Chaudhry said that promoters of NBFCs that are in need of capital should look at bringing in equity infusion without further delay.
The ongoing crisis in non-banking finance companies (NBFC) is related to specific companies and not for the sector as a whole but the time being taken to resolve the issue is becoming a matter of concern, said Amitabh Chaudhry, Managing Director and Chief Executive Officer of Axis Bank.
"Crisis is right now related to specific companies with asset-liability mismatch or where people are raising questions about asset quality. There are enough NBFCs with no issues. While it is not a systemic issue, the worry is that it will take time to resolve," Chaudhry said.
Chaudhry said that promoters of NBFCs that are in need of capital should look at bringing in equity infusion without further delay. He added that relying on regulatory and government intervention to bail out sick NBFCs would seem unfair.
In the Financial Stability Report released in June, the Reserve Bank of India (RBI) said that in case of further stress, around eight percent of NBFCs will fail to maintain the minimum regulatory capital requirements.
To enhance liquidity access for the sector, the government announced one-time 6-month partial guarantee of Rs 1 lakh crore to state-run banks for purchasing consolidated high-rated pooled assets of financially-sound NBFCs. The move was immediately followed up with liquidity easing measures by the RBI.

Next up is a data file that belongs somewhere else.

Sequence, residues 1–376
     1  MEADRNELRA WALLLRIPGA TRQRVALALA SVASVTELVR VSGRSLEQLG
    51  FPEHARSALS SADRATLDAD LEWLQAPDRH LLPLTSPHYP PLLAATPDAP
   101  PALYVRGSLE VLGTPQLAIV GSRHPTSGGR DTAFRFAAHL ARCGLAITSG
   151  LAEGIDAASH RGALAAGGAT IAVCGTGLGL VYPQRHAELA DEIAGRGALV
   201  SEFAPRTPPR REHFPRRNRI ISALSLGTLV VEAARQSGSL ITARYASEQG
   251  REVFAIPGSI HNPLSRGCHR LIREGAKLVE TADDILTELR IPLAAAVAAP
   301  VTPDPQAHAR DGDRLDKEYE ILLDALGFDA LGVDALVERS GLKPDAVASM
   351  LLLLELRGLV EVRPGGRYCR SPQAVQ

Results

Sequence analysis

"In order to enable the banks to implement this announcement and deal with the NBFCs/HFCs issue effectively, the RBI will provide required liquidity backstop to banks against their excess G-Sec holdings," the central bank said in a release issued after the Budget announcement on July 4.
The IL&FS defaults created an environment of risk aversion, leading to shortage of liquidity in the sector. Investors, including mutual funds, cut their exposure to the NBFC sector, leaving them with no option but to turn to banks. As of March 2019, the share of bank loans to total borrowings rose to 29.2 percent from 23.6 percent in March 2018 and 21.2 percent in March 2017, data from RBI showed.The budget also proposed strengthening RBI's regulatory powers over NBFCs. Chaurdhry said that this could help bring back investor confidence in the sector.